Once the conversation turned from support for businesses impacted by the lockdown to a phased return to workplaces across the UK, HMRC seized the opportunity to remind business owners that they would be undertaking more inspections to uncover furlough fraud.
Reporting of non-compliance and fraudulent use of the Coronavirus Job Retention Scheme (CJRS) has jumped massively over the last couple of weeks, with HMRC urging employees who suspect their employer has committed fraud to inform on them
As a result, the number of reports from aggrieved employees runs into thousands. Not everyone using the HMRC reporting portal is likely to know if the fraud is deliberate or accidental, but the outcome is likely to be the same, with the Revenue drawing little distinction between the two.
Companies are at risk of an HMRC inspection in respect of the payments they have received and also to ensure the business has complied with the rules of the CJRS, despite many complaining they were difficult rules to understand.
Check everything and make no assumptions
It goes without saying that businesses need to be very careful when submitting their claims to HMRC and should ensure the information provided is accurate, relevant and current, to avoid any accusation of fraud, even it appears accidental.
The information required is simple enough, but again, check everything carefully and do not assume details concerning the number of furloughed employees is the same from one week to the next.
It’s also important to note that the recently announced changes to the scheme and introduction of the flexible furlough appear to increase the risk of ‘accidental fraud’ which may also go some way to explaining the tough stance being adopted by HMRC.
For example, from 1 July a business will not be able to claim for more employees than the maximum claimed for previously, which means they must establish the maximum number of employees they want to make a claim for from 1 July onwards and ensure this many have been claimed for before.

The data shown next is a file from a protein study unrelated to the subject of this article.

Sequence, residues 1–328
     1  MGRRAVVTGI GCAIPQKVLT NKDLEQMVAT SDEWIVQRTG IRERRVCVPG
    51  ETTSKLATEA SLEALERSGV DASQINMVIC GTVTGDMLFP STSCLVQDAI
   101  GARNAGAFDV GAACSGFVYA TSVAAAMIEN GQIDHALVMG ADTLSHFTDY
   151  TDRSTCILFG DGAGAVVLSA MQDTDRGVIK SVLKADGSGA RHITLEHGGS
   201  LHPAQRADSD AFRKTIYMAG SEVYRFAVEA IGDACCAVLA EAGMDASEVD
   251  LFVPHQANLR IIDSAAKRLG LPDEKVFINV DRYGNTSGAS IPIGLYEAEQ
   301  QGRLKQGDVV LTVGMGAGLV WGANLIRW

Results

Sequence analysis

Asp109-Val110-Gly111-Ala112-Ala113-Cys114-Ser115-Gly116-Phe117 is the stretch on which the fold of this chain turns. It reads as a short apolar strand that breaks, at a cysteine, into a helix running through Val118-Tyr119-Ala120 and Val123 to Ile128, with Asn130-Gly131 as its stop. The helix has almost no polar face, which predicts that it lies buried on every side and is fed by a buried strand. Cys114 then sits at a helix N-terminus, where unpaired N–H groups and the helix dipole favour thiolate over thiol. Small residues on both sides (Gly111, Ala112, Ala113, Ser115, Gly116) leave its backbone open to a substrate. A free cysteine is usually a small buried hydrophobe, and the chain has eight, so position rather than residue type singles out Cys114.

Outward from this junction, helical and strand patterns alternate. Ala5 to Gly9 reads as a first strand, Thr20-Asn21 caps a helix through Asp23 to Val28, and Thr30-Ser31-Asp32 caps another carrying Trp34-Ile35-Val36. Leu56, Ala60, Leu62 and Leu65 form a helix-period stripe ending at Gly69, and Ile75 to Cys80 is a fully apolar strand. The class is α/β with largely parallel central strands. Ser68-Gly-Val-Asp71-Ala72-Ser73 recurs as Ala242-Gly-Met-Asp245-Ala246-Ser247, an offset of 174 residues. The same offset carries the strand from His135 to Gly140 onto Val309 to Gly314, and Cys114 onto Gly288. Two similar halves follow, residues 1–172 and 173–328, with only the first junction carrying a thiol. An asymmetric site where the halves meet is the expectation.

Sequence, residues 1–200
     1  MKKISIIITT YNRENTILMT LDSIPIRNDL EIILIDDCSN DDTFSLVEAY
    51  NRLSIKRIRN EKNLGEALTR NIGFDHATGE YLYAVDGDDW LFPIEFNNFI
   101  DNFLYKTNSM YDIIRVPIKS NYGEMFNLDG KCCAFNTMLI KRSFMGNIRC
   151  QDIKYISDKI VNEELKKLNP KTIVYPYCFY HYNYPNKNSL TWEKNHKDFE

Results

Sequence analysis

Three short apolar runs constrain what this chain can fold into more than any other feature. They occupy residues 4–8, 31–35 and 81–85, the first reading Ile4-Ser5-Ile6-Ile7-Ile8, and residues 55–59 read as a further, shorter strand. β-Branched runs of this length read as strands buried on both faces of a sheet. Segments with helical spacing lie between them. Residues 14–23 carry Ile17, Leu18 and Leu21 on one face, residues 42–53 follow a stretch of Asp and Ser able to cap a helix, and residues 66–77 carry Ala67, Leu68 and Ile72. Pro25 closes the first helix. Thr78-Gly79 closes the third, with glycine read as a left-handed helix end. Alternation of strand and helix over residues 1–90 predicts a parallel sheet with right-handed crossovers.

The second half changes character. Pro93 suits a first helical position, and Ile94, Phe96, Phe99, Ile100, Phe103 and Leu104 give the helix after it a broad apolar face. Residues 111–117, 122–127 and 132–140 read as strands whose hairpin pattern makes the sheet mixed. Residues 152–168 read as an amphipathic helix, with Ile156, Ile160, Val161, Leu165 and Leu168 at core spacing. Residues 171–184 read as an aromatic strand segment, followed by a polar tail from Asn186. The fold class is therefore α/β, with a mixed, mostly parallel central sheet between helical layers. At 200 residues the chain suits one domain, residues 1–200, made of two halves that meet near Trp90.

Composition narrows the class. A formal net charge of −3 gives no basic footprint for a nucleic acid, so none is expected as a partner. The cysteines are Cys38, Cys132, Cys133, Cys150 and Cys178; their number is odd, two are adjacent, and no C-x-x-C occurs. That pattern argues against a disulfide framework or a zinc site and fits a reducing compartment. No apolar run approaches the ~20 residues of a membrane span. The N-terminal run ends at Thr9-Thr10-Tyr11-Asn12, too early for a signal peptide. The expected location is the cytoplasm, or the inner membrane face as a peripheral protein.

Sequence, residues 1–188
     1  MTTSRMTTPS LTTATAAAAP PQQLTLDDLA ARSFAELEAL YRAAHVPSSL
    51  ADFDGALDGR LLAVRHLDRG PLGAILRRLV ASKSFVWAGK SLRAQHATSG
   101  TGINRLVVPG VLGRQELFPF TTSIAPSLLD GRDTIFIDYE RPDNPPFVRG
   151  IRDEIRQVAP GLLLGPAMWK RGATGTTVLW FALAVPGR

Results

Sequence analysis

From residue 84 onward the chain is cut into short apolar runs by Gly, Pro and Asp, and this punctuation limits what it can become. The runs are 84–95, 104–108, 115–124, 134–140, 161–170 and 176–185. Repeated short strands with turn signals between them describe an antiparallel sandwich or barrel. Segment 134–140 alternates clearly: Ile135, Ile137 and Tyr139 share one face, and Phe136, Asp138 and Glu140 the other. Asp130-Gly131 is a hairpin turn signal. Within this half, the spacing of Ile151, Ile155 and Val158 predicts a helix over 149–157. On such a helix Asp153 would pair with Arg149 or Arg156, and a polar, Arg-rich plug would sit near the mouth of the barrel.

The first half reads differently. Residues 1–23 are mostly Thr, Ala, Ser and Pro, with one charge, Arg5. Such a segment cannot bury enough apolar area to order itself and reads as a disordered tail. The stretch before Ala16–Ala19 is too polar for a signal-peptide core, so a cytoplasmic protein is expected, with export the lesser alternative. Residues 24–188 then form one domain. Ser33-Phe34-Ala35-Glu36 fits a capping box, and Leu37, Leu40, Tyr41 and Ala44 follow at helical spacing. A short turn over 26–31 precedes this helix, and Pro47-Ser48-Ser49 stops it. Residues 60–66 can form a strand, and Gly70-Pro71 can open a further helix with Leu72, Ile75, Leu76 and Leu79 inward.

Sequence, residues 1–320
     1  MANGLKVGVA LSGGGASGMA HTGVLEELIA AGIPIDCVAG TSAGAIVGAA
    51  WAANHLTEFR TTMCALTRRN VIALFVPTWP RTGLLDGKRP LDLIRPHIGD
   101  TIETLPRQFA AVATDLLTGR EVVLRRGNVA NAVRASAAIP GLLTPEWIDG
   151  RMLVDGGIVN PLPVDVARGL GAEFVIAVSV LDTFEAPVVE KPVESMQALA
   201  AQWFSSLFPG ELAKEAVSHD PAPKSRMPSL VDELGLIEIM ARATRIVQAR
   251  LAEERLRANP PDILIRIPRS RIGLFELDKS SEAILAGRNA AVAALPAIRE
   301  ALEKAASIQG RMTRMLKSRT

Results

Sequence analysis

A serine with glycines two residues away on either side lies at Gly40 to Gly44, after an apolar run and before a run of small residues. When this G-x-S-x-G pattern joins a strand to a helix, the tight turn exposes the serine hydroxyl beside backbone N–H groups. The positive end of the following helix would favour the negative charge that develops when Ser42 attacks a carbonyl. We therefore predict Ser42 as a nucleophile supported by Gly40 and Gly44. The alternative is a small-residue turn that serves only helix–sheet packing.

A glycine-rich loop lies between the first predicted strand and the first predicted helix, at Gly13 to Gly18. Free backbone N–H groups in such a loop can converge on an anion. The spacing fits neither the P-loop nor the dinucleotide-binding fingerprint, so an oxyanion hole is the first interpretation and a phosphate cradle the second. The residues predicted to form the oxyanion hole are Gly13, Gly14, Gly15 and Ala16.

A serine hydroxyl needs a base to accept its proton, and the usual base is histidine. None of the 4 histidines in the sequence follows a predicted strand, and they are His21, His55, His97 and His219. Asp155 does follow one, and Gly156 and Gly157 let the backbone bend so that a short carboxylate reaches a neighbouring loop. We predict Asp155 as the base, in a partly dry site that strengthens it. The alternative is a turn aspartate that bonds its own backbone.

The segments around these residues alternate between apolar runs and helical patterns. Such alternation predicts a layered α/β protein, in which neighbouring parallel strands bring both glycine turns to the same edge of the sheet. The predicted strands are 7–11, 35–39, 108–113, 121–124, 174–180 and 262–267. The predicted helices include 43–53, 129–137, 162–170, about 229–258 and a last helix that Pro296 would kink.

The potential for backdated claims to be made or workers being told they are on flexible furlough, when they are not and a full furlough claim is being made, highlights the risk of fraud, which could attract serious consequences.
Additionally, under the rules of the CJRS, employees are not permitted to carry out any work on behalf of their employer whilst on furlough. If an employee has been required to undertake work whilst furloughed and their employer has claimed under the CJRS, they risk having committed fraud.
If, as many expect, there are a host of redundancies when the crisis passes, there is an increased risk of disgruntled ex-employees making accusations of fraud, which my give rise to an HMRC inspection. It will pay every business to be very careful if they fell they may have made mistakes.
Should a business become aware it has claimed more than it was entitled to in a previous claim, the HMRC portal has now been updated to enable the repayment of any over-claimed money, by having it deducted from the current claim being made.
The cost of reputational damage
If an investigation takes place and HMRC finds the business has claimed money fraudulently under the CJRS, accidentally or otherwise, they are likely to be required to repay any monies they have received fraudulently. Further sanctions from HMRC are also possible, it has indicated.
The Government has not yet indicated the sanctions that may be imposed, but previously imposed these have included ‘naming and shaming’ the offenders, requesting repayment of monies and issuing additional penalties. There is also the possibility of Criminal Investigation and Prosecution.
Of course, for many businesses, the threat of reputational damage is also a very real risk, given the mood in the country as a whole against anyone seen to be benefitting from the difficulties or misery of others during the coronavirus crisis.